Tag Archives: Angola

Seeing Anything Clearly in This Time and Place: Zachary Lazar’s ‘Vengeance’

Published earlier this year to respectful notices, Zachary Lazar’s painstakingly crafted novel Vengeance (272 pages; Catapult) takes on the complicated issues of race, the socially constructed questions of guilt or innocence in late stage capitalism, cultural appropriation and redemption. “What ‘Vengeance’ really attempts to unravel is the problem of injustice, although it is not a protest novel,’’ Katy Waldman noted in The New Yorker. Prison reform has been in the air—just ask Kim Kardashian—but news cycles come and go. Regardless, Vengeance merits a more sustained look. The novel was inspired by the author’s visit to Angola, a Louisiana State Penitentiary (and former …Continue reading

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A River of Words to Capture the Nastiness of War: ‘The Land at the End of the World’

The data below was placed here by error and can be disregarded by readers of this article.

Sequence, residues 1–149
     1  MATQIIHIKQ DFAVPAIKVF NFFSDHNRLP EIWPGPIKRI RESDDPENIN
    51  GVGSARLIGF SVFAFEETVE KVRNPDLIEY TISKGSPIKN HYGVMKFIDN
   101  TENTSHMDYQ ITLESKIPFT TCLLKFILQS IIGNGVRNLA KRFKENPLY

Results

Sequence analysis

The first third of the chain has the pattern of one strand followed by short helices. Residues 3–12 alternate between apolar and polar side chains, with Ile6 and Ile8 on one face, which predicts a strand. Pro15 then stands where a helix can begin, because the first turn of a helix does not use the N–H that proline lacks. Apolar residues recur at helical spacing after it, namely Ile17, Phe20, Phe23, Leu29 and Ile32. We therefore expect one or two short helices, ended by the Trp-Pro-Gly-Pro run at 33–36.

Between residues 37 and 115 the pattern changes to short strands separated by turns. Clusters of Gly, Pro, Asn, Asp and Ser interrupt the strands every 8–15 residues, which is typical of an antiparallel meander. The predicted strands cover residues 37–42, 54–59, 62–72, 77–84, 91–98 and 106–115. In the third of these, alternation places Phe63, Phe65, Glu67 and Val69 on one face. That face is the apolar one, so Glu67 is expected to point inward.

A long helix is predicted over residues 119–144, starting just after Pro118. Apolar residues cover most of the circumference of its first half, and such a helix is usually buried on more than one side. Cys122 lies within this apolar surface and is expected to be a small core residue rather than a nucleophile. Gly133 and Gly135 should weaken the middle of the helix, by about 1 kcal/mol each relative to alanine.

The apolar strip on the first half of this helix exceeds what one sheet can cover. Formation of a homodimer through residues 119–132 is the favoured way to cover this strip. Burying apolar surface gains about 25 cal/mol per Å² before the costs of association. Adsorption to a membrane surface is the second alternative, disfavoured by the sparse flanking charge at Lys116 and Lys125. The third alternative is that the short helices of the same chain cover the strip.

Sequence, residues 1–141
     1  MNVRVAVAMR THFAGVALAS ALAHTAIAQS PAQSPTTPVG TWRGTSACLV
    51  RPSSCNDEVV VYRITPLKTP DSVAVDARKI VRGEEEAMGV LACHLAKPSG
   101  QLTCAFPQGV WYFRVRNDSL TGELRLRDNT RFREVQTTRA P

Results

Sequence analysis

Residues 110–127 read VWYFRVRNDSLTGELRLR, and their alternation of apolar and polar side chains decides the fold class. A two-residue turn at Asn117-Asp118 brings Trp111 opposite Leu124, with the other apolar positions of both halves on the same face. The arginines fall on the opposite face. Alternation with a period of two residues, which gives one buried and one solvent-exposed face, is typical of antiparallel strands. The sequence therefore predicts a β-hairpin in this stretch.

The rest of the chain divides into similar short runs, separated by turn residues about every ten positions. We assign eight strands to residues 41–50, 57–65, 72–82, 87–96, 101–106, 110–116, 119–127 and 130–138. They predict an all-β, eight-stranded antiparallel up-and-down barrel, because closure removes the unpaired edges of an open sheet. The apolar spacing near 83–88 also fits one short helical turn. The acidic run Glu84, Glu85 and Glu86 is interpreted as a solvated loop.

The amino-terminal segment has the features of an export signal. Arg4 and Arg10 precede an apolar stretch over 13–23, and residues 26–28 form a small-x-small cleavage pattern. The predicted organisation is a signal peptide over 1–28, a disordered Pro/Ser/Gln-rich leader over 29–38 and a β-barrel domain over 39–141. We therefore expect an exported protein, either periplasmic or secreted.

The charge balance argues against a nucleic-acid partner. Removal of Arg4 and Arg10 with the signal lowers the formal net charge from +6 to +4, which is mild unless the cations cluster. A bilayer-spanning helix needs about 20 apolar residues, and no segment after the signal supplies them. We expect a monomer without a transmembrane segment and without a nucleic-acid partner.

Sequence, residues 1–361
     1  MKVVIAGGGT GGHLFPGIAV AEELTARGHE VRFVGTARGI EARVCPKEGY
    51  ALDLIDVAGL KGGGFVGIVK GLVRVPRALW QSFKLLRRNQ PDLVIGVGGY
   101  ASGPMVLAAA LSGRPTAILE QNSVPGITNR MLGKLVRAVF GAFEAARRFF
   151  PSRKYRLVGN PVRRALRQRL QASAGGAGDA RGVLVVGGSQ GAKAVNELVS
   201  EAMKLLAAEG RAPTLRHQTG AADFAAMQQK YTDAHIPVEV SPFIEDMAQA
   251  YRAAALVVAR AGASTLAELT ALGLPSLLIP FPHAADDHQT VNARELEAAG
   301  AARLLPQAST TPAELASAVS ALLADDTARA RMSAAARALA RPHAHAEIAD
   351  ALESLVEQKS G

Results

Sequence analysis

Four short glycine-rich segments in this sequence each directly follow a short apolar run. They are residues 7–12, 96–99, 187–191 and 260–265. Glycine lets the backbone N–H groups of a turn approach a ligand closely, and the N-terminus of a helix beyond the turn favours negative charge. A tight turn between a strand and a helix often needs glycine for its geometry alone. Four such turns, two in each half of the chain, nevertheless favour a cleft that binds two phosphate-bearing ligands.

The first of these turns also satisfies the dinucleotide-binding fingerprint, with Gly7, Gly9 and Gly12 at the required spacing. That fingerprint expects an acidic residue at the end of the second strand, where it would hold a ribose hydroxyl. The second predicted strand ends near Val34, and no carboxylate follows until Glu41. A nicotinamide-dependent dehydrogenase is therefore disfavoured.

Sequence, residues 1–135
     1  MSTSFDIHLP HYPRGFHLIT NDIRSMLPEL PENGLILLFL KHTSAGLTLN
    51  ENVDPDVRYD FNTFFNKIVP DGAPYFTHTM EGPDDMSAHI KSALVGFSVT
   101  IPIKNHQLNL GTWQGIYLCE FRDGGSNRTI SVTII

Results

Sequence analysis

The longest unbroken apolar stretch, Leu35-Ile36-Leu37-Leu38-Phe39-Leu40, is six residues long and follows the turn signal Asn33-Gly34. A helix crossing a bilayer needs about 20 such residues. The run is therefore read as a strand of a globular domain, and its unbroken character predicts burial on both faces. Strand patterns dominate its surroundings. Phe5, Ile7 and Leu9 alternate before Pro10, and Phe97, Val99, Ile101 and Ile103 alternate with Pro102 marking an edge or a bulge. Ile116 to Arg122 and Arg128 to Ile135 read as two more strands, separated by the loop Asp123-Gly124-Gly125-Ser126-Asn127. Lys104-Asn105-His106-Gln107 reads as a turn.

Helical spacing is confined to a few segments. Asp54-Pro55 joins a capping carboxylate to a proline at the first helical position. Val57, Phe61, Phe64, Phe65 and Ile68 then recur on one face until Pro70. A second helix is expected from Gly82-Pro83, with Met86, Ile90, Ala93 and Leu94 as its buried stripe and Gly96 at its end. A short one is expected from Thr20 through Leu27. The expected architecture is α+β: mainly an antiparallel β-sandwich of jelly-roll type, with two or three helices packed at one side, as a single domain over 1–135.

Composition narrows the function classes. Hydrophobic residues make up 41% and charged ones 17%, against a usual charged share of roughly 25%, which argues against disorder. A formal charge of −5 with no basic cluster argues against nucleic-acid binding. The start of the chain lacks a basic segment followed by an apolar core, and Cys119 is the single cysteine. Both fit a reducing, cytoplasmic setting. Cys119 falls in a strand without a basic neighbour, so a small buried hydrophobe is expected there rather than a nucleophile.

If you like your narrators drunk, shell-shocked, adrift, and stricken with logorrhea, please read on. Following in the tradition of Coleridge’s The Rime of the Ancient Mariner and Knut Hamsun’s Hunger, Antonio Lobo Antunes’s The Land at the End of the World (Norton; 224 pages) is a book of anguished testimony. (Open Letter publisher Chad Post accurately grouped the author with Thomas Bernhard and Louis-Ferdinand Celine as an “author of complaint.”) Based on Lobo Antunes’s experiences as a medic in the Portuguese military, which, from 1961 to 1974, engaged in a failed pacification campaign in its African colonies, The Land …Continue reading

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